Stalemate as result of Israeli election just too close to call

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Stalemate as result of Israeli election just too close to call


Happy: Benny Gantz kisses his wife Revital before a speech in Tel Aviv after the release of exit polls. Photo: Reuters
Happy: Benny Gantz kisses his wife Revital before a speech in Tel Aviv after the release of exit polls. Photo: Reuters

Israel’s elections were too close to call last night as both Benjamin Netanyahu and the former general trying to unseat him claimed victory.

Minutes after voting stopped, Mr Netanyahu, the incumbent prime minister, said “the right-wing bloc led by Likud won a clear victory”.

He added: “I thank the citizens of Israel for their trust. I will start assembling a right-wing government with our natural partners tonight.”

Former army chief Benny Gantz countered that he was the real winner and appealed to Israel’s president to give him the first chance to form a government.

“We won,” Mr Gantz said in a statement. “The president can see the picture and should call on the winner to form the next government. There is no other option.”

Even as the votes were being counted, both Mr Gantz and Mr Netanyahu were expected to begin contacting smaller party leaders and asking them to recommend that they lead the government.

As voting stations closed around the country, two early exit polls showed Mr Netanyahu’s Likud party tied with Blue and White, the centrist coalition led by Mr Gantz. Both parties had won around 36 seats.

The same polls showed that Likud and other right-wing parties held a slim majority in parliament, suggesting Mr Netanyahu may have a path to hold onto power by cobbling together a coalition.

A third exit poll showed Mr Gantz leading the prime minister by four seats and that the right wing had failed to win an overall majority.

Israeli pollsters warned there were likely to be many hours of vote-counting before the winner became clear.

After all the votes are counted, Reuven Rivlin, Israel’s president, will call all the party leaders for consultations before deciding which group to task with forming the government.

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Whoever is given the job will spend weeks haggling and negotiating with other parties to try to form a 61-seat majority in Israel’s parliament.

Mr Rivlin may urge the leaders of Likud and Blue and White to come together in a centre-right national unity government.

If Mr Netanyahu is able to cling to power he will be on course to overtake David Ben Gurion, Israel’s founding father, as the longest-serving prime minister in Israeli ­history.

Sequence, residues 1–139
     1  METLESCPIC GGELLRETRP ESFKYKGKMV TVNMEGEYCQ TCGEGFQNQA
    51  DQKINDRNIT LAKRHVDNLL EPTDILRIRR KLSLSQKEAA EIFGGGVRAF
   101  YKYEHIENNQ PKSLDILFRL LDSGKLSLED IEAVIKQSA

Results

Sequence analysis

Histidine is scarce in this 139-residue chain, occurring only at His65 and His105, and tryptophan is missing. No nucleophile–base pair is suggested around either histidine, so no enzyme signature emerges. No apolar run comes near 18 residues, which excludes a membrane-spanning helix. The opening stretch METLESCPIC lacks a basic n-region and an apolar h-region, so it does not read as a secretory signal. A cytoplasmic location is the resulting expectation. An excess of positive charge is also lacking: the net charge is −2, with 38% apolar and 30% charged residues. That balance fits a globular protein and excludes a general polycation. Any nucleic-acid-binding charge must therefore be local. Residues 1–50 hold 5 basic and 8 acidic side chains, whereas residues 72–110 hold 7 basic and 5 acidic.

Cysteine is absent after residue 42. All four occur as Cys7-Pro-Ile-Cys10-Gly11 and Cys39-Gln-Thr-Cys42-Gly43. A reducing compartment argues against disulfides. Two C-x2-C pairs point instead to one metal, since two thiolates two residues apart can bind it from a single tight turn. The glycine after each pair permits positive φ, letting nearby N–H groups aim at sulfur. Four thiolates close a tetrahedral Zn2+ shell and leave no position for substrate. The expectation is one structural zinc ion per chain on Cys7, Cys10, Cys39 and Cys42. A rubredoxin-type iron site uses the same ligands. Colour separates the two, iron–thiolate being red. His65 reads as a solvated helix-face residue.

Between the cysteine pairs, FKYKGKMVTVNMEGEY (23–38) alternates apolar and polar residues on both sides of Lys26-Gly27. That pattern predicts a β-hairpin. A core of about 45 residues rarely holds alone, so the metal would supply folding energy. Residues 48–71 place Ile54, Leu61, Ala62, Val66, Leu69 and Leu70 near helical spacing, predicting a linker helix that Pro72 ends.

But his hold on the prime minister’s post is still threatened by pending criminal corruption charges against him, which will be finalised after a hearing this summer.

Israeli prosecutors allege that Mr Netanyahu changed telecommunications regulations in return for more favourable media coverage and accepted bribes worth one million shekels (€230,000) in the form of lavish gifts from businessmen.

Mr Netanyahu denies all wrongdoing and claims the prosecutions are part of a politically motivated witch hunt against him and his family.

Mr Netanyahu’s main campaign message was that he was an indispensable prime minister, whose personal relationships with world leaders like Donald Trump and Vladimir Putin had lifted Israel to a stature far beyond its small size.

He also tacked hard to the right, promising to annex Israeli settlements in the occupied West Bank and antagonising Arab voters by saying Israel was “not a state of all its citizens” but only a nation state of the Jewish people.

In the final days and hours of the election, Mr Netanyahu issued feverish warnings that he was in danger of losing and called on all right-wing voters to rally around his Likud party.

He posted a video of himself on Twitter at a popular beach at Poleg, north of Tel Aviv, appealing to swimmers to get out and make their voices heard.

“If you want to continue with the Likud and me, then you have to go vote,” he said. “Go to the beach later.”

His warnings appeared to have succeeded as Likud’s share of seats grew at the expense of smaller parties. However, Blue and White also appeared to have expanded by taking seats from the Labour party and others on the left.

Polls showed that turnout among Arab citizens, who make up 20pc of the Israeli population, had fallen since the 2015 election.

Two exit polls showed Arab parties winning six or seven seats, compared to 13 last time.

Telegraph.co.uk

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